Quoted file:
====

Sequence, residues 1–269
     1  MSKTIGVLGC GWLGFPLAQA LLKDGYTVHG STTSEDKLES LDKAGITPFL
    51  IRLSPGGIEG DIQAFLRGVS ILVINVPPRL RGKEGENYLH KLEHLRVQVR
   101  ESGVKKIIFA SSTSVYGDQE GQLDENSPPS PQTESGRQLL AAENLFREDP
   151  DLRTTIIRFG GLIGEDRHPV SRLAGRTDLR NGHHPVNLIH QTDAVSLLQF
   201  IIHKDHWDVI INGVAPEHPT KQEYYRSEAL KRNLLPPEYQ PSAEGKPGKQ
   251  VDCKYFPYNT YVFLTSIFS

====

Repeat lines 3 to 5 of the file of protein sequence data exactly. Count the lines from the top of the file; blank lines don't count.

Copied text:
    51  IRLSPGGIEG DIQAFLRGVS ILVINVPPRL RGKEGENYLH KLEHLRVQVR
   101  ESGVKKIIFA SSTSVYGDQE GQLDENSPPS PQTESGRQLL AAENLFREDP
   151  DLRTTIIRFG GLIGEDRHPV SRLAGRTDLR NGHHPVNLIH QTDAVSLLQF